29. March 2010 · Comments Off on Meet Liang Wang · Categories: Oboe, Videos

Nice video!

29. March 2010 · Comments Off on The Market for Opera · Categories: Links, Opera, Videos

I posted a video quite some time ago of opera being sung in a market. Now Baltimore Symphony and Washington Opera have done the same thing.

It appears, from what she writes anyway, that perhaps Anne Midgette hadn’t seen the original video. She doesn’t sound very happy about the current one, though, unless I’m not reading her correctly.

29. March 2010 · 5 comments · Categories: Oboe

I’m watching a video of Bach’s St. Matthew Passion. I can’t say it’s the most in tune performance, or the most musical, but the music is still glorious! They just zeroed in on a flutist and I’m watching as she re-places fingers. (No, I don’t mean “replace” … as in taking off fingers and putting on new ones. That would be … um … kind of painful, yes? That’s why I hyphenate the word.) What I mean by “re-place” is she lifts fingers that are down even though they are supposed to be down for the following note. She then has to put them down again. I discourage my students from doing this, aside from those few times we do it to try and “pop” a low note out. Even then I prefer to have a good reed and a well adjusted oboe; the the notes should be there as long as we believe they will be. Funny how, if we think, “I’m going to miss this note!” we do usually miss it. As I tell my students, our oboes are somewhat psychic! 😉

I believe “the less finger movement the better. But now I’m curious … is this re-placement technique common among my readers? Or is it common amoung my reeders? Or something! 😉

29. March 2010 · Comments Off on BQOD · Categories: BQOD

Haha, so lately I’ve been, erm, I dunno, behaving like a 50 year-old, and listens to many, many classical pieces.

29. March 2010 · Comments Off on TQOD · Categories: TQOD

OK, Olivia is officially AWESOME. The actress playing her is named “Anna”, she played the oboe (albeit for only 6 months), and she can turn lights off with her mind!!!

29. March 2010 · Comments Off on Congratulations! · Categories: UCSC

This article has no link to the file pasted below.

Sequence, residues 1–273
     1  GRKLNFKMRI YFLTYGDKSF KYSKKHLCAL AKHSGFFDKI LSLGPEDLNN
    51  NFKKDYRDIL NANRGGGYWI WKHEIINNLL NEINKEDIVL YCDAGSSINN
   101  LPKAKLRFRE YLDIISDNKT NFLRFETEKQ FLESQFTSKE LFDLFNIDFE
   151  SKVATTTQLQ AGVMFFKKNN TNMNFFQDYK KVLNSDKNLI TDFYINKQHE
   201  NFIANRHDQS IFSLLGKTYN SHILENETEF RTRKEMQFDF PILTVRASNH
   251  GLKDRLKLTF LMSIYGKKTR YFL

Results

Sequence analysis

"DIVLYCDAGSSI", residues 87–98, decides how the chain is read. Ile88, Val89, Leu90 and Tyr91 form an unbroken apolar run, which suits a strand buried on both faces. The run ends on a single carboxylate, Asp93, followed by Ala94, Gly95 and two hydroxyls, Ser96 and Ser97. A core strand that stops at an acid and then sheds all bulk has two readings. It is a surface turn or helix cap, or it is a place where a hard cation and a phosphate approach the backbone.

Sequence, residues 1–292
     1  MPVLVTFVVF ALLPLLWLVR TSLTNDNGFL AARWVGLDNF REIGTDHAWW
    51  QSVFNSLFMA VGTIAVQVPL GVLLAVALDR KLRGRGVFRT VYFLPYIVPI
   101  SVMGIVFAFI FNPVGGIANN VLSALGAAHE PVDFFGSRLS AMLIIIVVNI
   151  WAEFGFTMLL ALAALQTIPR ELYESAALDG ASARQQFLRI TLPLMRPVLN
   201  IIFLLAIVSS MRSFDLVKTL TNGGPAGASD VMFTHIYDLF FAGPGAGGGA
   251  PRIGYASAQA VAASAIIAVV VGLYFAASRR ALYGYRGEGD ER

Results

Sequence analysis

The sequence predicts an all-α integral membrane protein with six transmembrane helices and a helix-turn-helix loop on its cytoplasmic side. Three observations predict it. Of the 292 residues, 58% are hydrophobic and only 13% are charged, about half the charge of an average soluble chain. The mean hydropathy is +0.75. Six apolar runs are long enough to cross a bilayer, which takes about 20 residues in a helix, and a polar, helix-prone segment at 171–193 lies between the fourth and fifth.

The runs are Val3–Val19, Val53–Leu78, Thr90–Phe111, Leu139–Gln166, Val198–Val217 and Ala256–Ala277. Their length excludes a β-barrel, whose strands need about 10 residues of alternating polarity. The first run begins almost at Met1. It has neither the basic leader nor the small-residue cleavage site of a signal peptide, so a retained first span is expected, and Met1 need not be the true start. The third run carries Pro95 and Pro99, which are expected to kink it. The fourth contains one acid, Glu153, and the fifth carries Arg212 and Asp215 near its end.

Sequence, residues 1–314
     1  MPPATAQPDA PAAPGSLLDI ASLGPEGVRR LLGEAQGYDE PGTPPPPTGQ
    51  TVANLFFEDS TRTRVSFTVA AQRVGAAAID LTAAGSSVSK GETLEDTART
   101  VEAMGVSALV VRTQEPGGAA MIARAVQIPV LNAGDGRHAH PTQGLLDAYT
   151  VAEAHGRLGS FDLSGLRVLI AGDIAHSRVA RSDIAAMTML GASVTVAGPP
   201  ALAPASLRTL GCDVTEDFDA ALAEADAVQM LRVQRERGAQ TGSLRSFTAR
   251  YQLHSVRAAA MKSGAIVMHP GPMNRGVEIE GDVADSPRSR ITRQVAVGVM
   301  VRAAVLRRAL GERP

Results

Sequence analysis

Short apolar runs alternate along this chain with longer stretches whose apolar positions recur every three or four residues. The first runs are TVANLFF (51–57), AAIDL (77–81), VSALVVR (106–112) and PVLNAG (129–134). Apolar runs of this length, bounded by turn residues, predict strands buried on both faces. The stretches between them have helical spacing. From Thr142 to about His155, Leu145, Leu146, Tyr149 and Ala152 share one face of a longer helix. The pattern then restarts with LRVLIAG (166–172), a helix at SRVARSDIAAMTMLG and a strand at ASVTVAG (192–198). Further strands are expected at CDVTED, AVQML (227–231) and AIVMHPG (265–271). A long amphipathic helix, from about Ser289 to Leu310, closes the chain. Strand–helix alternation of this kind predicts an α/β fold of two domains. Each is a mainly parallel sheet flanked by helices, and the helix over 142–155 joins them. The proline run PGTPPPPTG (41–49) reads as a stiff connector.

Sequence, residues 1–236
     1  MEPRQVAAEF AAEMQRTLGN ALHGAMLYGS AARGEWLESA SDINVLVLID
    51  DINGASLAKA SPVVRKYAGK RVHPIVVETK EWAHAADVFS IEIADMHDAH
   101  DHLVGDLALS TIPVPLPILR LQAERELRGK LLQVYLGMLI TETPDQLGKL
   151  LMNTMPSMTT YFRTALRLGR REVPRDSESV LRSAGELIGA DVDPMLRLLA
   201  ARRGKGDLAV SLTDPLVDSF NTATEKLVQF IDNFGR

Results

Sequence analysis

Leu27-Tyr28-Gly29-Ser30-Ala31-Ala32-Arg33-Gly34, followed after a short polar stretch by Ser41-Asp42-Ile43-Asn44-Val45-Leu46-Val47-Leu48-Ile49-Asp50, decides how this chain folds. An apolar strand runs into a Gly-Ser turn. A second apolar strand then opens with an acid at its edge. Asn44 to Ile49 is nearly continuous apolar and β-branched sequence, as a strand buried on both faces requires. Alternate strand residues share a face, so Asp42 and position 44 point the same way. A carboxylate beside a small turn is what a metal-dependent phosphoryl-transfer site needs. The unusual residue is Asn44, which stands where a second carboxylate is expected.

If you have been admitted to UCSC, congratulations! I don’t envy high school students these days; getting into colleges, universities and conservatories is getting more and more difficult. You all are under so much more stress than I was back in the dark ages.


If you are thinking of a music major, or even if you are just interested in oboe at UCSC, please feel free to contact me at pmitchel [at] ucsc [that dot thing you put here] edu. I’m always happy to meet with prospective students if we can make schedules work. (I am on campus on Tuesdays, so if you are making plans, do keep that in mind, please.)


You just can’t beat the beauty at UCSC. I really need to post more pictures from the campus.

UCSC Trees


Here is my starting page for UCSC students.

29. March 2010 · Comments Off on Bay Area Arts · Categories: News

It’s a twist of dramatic irony worthy of the stage: Major Bay Area arts groups are, surprisingly, having a robust year at the box office, but slumping donations, absentee tech giants, and diminishing government and foundation funding have left many of them limping out of the long, hard recession.

“This is shaping up as our most difficult year yet,” says Andrew Bales, president of Symphony Silicon Valley. “We continue to fight the good fight.”


… and who is expecting a deficit or not.

29. March 2010 · Comments Off on MQOD · Categories: Quotes

Too True!

I think if you take any trained musician (be it pianist, violinist, singer – yes, we’re musicians, too!) they will all marvel at the dichotomy that is Mozart. His music bares a complexity that boggles the brain, and yet it requires the utmost simplicity to execute. It somehow carries a mastery of mathematics and symmetry, and yet it wafts off the page into something airy and indescribable, achingly human in its entirety. I think part of the equation involves simply getting out of our own way, and letting that perfect balance of complexity and simplicity work it’s magic. But that’s a tall order, because it takes a mountain of technical mastery to even make it through the phrases: too much emoting, and it somehow becomes self-indulgent; not enough purity of line from both the voice and the orchestra, and we become too aware of the difficulty at hand.

-Joyce DiDonato

I read it here.